Among people with diabetes, the prevalence of sleep apnoea is very high (up to 58%).1 Similarly, there is a high prevalence of impaired glucose tolerance and diabetes among people with sleep apnoea (in one study 50% of male sleep apnoea patients had abnormal glucose tolerance, and 30% of them had diabetes).2
Obesity is a common and contributing factor to both sleep apnoea and diabetes. However, despite the significance of obesity in both these diseases, studies have shown that sleep apnoea is an additional contributing factor that is independently associated with glucose intolerance and insulin resistance, regardless of obesity.3,4 Insulin resistance is a precursor to diabetes.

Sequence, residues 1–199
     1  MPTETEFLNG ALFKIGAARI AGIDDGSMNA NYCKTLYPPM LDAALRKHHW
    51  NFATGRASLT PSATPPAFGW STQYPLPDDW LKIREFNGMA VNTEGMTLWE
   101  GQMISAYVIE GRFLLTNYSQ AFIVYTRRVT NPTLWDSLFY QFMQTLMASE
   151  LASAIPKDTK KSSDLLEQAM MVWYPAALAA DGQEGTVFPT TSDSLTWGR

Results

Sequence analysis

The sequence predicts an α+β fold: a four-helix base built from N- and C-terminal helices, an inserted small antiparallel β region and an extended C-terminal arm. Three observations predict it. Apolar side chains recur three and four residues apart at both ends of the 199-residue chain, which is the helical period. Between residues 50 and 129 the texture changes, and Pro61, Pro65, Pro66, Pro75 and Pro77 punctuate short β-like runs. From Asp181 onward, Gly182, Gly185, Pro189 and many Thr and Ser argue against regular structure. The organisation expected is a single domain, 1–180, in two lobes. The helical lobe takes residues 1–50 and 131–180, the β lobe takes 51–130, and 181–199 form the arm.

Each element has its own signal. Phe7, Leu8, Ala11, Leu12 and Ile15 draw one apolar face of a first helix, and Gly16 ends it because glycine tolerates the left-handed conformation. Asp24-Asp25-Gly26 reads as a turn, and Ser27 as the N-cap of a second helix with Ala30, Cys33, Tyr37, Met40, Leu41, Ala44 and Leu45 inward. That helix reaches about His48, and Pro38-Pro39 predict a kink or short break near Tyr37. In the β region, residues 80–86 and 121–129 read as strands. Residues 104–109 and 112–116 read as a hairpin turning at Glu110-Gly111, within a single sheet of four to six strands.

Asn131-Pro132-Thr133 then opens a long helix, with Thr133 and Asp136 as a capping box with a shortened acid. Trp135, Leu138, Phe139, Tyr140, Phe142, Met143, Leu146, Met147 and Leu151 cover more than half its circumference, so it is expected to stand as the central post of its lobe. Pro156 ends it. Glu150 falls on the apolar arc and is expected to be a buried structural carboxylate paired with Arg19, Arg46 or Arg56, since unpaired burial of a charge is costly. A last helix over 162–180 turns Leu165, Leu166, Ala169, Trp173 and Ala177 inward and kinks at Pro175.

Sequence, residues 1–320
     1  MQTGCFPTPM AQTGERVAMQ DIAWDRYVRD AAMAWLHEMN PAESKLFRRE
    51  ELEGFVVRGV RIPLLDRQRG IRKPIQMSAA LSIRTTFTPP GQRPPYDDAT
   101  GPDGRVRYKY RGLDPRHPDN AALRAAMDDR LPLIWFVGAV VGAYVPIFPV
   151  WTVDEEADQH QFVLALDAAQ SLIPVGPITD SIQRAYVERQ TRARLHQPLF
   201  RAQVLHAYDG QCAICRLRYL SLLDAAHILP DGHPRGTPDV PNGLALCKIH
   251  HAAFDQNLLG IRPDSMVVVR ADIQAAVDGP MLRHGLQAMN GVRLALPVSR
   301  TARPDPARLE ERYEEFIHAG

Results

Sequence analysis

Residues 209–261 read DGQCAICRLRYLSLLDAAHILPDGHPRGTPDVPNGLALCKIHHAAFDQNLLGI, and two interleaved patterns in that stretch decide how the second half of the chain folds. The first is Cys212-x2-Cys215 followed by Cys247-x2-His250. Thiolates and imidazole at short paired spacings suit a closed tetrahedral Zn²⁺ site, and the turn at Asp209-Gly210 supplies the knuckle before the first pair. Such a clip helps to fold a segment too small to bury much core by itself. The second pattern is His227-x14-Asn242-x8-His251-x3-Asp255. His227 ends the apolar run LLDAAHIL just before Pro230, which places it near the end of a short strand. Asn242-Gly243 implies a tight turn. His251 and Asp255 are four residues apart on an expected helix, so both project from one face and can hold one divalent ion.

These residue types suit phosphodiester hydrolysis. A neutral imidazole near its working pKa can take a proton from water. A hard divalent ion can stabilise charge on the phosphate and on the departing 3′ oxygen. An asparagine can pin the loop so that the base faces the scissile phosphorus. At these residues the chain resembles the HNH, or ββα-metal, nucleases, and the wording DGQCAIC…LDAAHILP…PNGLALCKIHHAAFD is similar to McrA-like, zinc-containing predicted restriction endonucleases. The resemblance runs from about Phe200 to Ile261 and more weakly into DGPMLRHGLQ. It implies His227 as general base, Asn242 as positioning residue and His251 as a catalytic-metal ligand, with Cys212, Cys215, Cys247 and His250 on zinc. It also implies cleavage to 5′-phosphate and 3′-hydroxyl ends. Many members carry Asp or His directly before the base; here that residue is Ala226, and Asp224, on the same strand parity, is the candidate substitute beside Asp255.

CPAP may improve insulin sensitivity and glycemic control in patients with sleep apnoea, particularly for non-obese patients.5,6
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